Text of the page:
Medical Specialties


    Circumcision Issues

    Circumcision is a surgery to remove the skin covering the end of the penis. This is called the foreskin. This surgery is most often done 1 or 2 days after a baby boy’s birth.

    Enuresis (Bed Wetting)

    In children under age 3, it’s normal to not have full bladder control. As children get older, they become more able to control their bladder. When wetting happens in a child who is old enough to control his or her bladder, it’s known as enuresis.

    Fetal Urological Problems

    Genitourinary Tumors

    Hydrocele and Hernia Problems

    A hydrocele a buildup of fluid in the thin pouch (tunica vaginalis) that holds the testes in the scrotum. Up to 1 in 10 baby boys have a hydrocele at birth. In most cases, it goes away without treatment within the first year.


    Hypospadias and Chordee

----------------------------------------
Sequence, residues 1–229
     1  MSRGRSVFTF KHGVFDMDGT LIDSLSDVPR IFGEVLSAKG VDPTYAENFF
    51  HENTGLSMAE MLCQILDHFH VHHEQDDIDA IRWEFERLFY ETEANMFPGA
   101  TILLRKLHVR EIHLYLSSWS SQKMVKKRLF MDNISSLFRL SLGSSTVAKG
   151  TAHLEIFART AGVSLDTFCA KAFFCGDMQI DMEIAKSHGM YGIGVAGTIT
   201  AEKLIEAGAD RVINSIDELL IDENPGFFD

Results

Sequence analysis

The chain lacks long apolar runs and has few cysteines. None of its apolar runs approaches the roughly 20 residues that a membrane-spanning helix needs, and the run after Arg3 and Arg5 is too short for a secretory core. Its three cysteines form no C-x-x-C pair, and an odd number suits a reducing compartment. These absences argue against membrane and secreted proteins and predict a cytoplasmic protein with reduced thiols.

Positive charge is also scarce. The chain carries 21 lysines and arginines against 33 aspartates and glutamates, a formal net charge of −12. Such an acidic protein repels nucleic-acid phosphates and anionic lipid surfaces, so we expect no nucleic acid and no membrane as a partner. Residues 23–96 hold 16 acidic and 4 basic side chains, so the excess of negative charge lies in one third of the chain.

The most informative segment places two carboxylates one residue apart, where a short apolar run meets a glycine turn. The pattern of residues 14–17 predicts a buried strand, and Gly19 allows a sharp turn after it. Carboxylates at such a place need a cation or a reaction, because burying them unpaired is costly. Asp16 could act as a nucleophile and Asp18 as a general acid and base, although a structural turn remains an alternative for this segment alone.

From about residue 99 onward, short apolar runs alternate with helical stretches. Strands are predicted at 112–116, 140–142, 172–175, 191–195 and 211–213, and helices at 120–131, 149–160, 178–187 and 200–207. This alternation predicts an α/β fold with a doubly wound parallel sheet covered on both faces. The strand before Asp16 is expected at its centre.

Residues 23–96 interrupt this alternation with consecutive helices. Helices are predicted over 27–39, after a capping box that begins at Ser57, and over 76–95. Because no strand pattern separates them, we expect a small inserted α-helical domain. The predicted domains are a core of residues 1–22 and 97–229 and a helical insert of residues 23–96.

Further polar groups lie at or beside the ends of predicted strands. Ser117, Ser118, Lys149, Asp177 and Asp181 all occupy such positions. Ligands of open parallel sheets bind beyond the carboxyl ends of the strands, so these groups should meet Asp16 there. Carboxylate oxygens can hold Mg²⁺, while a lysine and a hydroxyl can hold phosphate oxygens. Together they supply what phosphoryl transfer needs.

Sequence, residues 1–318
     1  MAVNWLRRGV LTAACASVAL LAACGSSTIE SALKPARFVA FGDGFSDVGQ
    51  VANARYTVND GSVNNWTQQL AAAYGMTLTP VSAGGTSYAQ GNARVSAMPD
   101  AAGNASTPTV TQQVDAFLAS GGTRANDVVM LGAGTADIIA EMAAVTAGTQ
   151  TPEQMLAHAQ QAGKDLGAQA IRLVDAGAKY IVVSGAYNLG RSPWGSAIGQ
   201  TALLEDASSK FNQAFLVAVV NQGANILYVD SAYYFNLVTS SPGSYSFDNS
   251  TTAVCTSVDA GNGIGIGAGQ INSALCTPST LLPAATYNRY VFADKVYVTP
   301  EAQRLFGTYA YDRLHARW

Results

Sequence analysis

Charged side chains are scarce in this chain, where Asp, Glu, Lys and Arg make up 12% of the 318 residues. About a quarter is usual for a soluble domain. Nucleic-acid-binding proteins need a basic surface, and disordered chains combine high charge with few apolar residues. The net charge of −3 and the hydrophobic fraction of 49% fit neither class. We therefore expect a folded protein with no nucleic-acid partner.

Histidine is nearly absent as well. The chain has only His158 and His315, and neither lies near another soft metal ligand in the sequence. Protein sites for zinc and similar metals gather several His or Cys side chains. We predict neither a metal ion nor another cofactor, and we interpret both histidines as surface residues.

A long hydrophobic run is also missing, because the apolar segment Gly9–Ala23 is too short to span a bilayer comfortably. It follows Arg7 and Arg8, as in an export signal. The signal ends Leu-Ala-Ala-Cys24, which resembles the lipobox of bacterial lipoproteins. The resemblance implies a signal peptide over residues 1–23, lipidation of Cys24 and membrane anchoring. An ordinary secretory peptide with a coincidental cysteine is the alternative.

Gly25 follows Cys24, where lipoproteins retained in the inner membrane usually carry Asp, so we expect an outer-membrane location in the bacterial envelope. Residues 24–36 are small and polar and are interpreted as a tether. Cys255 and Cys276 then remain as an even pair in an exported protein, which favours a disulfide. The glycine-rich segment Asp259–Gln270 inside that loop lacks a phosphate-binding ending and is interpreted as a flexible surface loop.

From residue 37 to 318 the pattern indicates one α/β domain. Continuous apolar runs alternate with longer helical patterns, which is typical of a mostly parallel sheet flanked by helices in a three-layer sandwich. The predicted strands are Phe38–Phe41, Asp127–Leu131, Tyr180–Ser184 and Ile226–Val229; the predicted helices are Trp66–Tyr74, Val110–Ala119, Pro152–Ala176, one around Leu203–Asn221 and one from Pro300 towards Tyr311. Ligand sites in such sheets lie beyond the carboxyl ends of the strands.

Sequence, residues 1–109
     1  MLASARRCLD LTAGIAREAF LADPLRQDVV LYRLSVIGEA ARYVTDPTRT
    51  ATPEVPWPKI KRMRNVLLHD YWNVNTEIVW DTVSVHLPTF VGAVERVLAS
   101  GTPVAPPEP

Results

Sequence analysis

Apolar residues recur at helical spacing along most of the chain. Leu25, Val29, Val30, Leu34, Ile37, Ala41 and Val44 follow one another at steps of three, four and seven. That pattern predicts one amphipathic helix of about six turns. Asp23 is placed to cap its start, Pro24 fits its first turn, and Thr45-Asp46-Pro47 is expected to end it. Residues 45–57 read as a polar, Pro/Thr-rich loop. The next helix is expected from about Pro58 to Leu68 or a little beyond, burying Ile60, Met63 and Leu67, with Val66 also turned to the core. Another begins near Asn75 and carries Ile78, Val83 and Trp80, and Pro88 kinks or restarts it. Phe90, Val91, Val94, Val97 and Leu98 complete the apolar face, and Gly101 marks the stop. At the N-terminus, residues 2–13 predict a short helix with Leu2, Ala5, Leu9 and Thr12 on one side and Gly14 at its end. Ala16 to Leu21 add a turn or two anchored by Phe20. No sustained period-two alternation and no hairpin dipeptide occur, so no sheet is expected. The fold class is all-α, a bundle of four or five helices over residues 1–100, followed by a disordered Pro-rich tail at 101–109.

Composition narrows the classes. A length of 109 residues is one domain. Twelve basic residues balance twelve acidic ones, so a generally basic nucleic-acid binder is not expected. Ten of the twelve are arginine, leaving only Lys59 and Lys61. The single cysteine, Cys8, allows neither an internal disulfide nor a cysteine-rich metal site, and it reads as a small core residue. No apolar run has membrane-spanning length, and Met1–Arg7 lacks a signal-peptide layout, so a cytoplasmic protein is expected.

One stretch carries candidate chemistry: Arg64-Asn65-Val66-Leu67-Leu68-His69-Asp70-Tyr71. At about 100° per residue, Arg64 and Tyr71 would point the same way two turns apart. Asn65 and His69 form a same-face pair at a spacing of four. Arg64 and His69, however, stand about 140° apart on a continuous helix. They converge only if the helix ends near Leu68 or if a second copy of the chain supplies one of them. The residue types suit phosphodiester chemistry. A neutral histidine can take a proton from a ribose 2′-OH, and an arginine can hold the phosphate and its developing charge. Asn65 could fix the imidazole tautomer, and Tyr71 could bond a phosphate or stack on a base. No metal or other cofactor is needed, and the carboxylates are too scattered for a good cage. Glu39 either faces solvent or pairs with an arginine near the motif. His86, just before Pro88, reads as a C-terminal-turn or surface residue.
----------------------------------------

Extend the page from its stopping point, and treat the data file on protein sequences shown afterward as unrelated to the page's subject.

Hypospadias is a problem where the opening of the urethra is not at the tip of the penis. With hypospadias, the end of the tube is lower down on the underside of the penis. Or it may be in the scrotum.

    Kidney Stones

    Scrotal Masses

    Undescended Testicles

    Undescended testes is when one or both of the male testes have not passed down into the scrotal sac. This is a condition seen in some newborn baby boys.

    Urinary Tract Infection

    A urinary tract infection is inflammation of part of the system that takes urine out of the body. It’s caused by bacteria.

    Urinary Tract Obstructions

    Vesicoureteral Reflux

    Vesicoureteral reflux (VUR) is a condition where urine in the bladder flows in the wrong direction. It goes up into the tubes (ureters) that lead to the kidneys.